Arkansas

 

§20-16-1001 to 1004

 

Prohibits therapeutic and reproductive cloning; may not ship, transfer or receive the product of human cloning; human cloning is punishable as a Class C felony and by a fine of not less than $250,000 or twice the amount of pecuniary gain that is received by the person or entity, which ever is greater

yes

yes

 

California

Business And Professions §16004-5 Health & Safety §24185, §24187, §24189, §12115-7

Prohibits reproductive cloning; permits cloning for research; provides for the revocation of licenses issued to businesses for violations relating to human cloning; prohibits the purchase or sale of ovum, zygote, embryo, or fetus for the purpose of cloning human beings; establishes civil penalties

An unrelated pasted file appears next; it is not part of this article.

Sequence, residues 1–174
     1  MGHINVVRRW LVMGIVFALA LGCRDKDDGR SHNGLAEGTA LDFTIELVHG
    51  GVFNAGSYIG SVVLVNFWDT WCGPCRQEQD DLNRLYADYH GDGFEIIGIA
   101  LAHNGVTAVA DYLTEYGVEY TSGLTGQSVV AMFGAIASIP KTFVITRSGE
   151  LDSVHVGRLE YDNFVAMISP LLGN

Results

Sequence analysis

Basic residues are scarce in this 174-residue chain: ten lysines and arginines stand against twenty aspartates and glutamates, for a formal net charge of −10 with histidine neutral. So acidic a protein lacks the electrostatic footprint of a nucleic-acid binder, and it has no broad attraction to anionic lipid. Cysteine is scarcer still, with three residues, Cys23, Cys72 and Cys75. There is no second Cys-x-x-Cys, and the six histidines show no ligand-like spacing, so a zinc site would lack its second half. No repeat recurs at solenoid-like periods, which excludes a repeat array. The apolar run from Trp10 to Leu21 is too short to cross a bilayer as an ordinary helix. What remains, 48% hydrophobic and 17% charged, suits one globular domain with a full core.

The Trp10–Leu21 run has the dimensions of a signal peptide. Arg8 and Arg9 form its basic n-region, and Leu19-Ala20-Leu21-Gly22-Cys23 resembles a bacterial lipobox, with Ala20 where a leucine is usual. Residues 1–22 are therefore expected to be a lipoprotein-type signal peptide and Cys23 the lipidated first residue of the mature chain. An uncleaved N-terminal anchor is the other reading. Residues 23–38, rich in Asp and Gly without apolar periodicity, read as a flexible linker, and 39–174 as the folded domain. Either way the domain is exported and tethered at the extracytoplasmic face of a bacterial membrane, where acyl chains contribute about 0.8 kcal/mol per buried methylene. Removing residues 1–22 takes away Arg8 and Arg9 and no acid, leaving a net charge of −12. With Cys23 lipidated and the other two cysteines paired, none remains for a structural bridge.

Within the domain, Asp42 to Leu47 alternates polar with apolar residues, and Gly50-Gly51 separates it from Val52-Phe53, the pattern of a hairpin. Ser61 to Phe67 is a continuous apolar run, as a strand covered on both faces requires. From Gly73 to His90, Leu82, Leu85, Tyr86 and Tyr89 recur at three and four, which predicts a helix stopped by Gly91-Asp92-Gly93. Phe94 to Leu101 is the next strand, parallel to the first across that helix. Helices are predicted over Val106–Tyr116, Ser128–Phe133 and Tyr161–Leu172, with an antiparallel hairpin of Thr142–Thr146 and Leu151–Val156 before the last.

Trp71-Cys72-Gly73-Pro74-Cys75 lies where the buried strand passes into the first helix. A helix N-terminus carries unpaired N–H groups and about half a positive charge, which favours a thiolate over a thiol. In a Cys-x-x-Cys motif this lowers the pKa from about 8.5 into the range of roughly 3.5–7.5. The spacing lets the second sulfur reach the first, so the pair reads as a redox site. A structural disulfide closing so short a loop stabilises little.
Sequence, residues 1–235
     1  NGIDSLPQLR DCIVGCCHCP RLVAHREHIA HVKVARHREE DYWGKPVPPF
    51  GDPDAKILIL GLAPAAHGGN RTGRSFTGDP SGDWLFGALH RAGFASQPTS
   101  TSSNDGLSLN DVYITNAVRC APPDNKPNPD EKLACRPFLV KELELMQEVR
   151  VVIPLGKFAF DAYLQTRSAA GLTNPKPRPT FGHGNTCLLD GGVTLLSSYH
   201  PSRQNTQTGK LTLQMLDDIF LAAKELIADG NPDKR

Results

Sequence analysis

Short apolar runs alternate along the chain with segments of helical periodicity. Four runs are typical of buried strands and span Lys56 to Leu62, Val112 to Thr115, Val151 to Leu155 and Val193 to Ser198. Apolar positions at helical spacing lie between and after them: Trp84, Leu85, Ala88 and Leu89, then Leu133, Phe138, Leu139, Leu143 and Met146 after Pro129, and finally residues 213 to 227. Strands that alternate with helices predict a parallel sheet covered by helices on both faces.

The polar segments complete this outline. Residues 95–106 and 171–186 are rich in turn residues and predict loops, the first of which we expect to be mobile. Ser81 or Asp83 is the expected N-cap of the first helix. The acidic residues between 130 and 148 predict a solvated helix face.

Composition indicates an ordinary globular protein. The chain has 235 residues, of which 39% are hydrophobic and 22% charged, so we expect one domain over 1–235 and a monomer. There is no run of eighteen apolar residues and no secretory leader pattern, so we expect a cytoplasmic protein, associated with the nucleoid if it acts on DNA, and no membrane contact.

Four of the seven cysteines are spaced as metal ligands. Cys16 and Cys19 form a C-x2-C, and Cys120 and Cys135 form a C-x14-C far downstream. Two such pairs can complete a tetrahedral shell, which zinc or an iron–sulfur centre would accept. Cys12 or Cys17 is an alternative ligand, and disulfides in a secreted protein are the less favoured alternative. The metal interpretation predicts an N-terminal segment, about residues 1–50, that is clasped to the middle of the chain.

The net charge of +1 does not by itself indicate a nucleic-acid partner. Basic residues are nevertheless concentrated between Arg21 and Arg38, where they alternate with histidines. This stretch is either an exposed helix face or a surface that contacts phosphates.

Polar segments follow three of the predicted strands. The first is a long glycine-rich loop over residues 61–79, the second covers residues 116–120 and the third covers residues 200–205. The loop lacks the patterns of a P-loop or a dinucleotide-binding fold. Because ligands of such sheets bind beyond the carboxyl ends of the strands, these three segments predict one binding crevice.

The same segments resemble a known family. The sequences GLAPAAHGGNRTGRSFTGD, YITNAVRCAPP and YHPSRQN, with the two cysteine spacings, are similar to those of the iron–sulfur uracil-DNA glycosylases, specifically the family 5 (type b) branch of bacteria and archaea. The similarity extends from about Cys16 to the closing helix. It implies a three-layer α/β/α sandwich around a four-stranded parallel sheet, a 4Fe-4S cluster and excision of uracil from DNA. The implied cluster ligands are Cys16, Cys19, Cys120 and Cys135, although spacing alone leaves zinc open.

yes

no

 

Connecticut

2005 SB 934

Prohibits reproductive cloning, permits cloning for research; punishable by not more than one hundred thousand dollars or imprisonment for not more than ten years, or both

 yes

 no

 

Indiana

2005 Senate Enrolled Act No. 268

Prohibits reproductive and therapeutic cloning; allows for the revocation of a hospital's license involved in cloning; specifies that public funds may not be used for cloning; prohibits the sale of a human ovum, zygote, embryo or fetus;

 yes

 yes

 

Iowa

707B.1 to 4

Prohibits human cloning for any purpose; prohibits transfer or receipt of a cloned human embryo for any purpose, or of any oocyte, human embryo, fetus, or human somatic cell, for the purpose of human cloning; human cloning punishable as Class C felony; shipping or receiving punishable as aggravated misdemeanor; if violation of the law results in pecuniary gain, then the individual is liable for twice the amount of gross gain; a violation is grounds for revoking licensure or denying or revoking certification for a trade or occupation

yes

yes